I've said repeatedly why I think it would be better storywise to rearrange the order, but something I'm surprised at is how many people are reluctant to admit that it was all downhill after Telos. Even if there were a better ending added, things still slowed down tremendously on Malachor following the more Climactic Telos battle with Nihilus in which everyone took part.

 

Better to end the game on a high note, build up and action wise, even if you disagree with the better storyline wise side of it.

 

I don't think you should kill Nihilus; he should run away like Malak did--resurrection doesn't really work in Star Wars.

 

Tell that to the reborn Emperor and Exar Kun. :ermm:

Link to comment
Share on other sites

Oh, now that I like. That, I really like. Somebody should make a mod. Although, I don't think you should kill Nihilus; he should run away like Malak did--resurrection doesn't really work in Star Wars. Other than that, I think that's a perfect ending... so much more character potential.

 

Obsidian, HIRE OHMA.

 

There is a reason that I said I was giving my .00 cents, and that I totally and utterly SUCK when it comes to properly conveying my thoughts.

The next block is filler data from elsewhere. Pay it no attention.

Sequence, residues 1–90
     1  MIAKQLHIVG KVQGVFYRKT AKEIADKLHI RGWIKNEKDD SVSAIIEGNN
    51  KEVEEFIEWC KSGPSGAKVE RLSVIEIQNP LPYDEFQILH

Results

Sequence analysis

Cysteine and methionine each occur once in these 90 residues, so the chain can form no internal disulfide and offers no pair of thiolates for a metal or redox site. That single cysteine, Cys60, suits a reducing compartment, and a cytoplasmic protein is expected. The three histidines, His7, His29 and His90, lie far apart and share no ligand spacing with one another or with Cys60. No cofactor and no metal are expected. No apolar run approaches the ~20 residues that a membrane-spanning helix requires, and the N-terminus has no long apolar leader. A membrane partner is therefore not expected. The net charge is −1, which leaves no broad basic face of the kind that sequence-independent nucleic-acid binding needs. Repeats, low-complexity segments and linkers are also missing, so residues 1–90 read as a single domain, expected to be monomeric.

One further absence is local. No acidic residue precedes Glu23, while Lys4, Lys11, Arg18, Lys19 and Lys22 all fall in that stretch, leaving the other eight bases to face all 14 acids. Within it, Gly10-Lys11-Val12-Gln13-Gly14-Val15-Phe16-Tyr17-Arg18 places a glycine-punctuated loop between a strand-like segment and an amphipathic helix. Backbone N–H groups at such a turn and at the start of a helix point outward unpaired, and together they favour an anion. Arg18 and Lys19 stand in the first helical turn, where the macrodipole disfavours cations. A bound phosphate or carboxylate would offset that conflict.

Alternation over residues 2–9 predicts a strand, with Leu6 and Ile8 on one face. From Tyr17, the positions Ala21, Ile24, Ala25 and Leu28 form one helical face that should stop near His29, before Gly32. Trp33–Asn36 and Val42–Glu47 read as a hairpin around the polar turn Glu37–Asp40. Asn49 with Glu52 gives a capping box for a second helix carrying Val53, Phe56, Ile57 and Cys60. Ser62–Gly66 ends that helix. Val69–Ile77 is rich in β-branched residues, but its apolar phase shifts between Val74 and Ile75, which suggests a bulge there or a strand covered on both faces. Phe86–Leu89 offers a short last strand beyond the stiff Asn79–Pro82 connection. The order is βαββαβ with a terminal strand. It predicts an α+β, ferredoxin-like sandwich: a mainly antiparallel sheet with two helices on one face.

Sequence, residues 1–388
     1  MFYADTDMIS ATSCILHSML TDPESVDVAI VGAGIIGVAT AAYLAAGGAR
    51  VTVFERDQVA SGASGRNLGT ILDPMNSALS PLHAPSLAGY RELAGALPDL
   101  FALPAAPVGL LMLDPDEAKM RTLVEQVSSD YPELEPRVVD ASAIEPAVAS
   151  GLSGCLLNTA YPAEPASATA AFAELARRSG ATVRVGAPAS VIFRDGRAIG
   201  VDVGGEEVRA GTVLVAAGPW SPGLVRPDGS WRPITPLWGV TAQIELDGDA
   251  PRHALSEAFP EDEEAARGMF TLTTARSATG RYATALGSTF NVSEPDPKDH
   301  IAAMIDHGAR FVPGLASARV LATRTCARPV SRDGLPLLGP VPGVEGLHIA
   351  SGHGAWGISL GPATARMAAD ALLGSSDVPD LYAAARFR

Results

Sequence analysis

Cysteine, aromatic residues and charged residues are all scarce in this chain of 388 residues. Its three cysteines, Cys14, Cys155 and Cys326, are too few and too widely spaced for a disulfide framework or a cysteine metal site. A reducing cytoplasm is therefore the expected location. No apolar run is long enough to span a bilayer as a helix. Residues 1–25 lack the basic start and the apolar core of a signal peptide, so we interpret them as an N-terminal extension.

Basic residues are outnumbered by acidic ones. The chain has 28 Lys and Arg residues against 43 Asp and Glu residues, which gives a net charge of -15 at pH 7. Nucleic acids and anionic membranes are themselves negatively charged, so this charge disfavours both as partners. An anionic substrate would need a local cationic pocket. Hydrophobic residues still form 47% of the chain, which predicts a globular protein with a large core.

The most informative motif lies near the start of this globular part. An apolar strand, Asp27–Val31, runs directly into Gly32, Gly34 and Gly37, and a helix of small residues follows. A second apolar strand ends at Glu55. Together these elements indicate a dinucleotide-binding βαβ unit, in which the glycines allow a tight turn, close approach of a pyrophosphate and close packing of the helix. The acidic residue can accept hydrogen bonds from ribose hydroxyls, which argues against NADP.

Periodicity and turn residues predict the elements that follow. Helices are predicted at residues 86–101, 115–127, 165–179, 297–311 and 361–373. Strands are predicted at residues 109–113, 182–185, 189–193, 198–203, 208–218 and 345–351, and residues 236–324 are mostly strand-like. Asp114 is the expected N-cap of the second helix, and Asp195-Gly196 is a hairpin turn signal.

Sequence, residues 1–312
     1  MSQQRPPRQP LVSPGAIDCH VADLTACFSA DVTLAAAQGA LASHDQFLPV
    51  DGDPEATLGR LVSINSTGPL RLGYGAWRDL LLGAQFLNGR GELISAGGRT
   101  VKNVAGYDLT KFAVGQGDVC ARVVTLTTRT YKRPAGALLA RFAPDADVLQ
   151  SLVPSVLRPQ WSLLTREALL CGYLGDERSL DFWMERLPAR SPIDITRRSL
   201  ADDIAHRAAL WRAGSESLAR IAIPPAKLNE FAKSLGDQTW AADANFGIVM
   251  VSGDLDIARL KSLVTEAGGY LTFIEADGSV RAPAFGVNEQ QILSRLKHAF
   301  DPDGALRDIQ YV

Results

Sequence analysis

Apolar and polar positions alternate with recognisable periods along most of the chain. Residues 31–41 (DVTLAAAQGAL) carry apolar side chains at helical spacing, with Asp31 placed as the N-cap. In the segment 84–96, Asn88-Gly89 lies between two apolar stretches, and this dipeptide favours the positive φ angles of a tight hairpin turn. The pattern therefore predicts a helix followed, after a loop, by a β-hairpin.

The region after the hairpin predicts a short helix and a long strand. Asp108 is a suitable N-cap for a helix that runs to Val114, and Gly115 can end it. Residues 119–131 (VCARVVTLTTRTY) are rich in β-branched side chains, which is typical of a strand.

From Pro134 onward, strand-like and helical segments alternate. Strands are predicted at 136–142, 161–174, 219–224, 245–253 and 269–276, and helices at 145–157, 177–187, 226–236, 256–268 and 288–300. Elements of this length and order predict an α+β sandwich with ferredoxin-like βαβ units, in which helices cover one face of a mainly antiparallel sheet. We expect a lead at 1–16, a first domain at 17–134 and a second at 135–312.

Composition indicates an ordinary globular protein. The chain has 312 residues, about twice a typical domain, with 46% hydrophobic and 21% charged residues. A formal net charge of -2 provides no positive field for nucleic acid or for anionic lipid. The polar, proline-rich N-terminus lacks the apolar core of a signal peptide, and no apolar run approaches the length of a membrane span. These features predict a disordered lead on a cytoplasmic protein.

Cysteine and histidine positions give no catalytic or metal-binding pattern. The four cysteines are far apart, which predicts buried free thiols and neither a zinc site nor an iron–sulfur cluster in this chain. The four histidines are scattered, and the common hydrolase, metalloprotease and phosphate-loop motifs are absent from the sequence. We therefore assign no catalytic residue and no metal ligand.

Yes, I could have taken two or three hours to flesh out my idea to perfection, and yes I could have just not said anything at all, but, just because my idea wasn't super-fantastically-wow-that's-so-frigging-amazing dosn't mean you have to be sarcastic and put it down with THAT much venom... :( ...it's not like I disagreed with you or said you were crazy or anything...

Link to comment
Share on other sites

There is a reason that I said I was giving my .00 cents, and that I totally and utterly SUCK when it comes to properly conveying my thoughts.

 

Yes, I could have taken two or three hours to flesh out my idea to perfection, and yes I could have just not said anything at all, but, just because my idea wasn't super-fantastically-wow-that's-so-frigging-amazing dosn't mean you have to be sarcastic and put it down with THAT much venom... :( ...it's not like I disagreed with you or said you were crazy or anything...

Hey, I don't think he was being sarcastic, though... I could be wrong, but I didn't read it as sarcastic.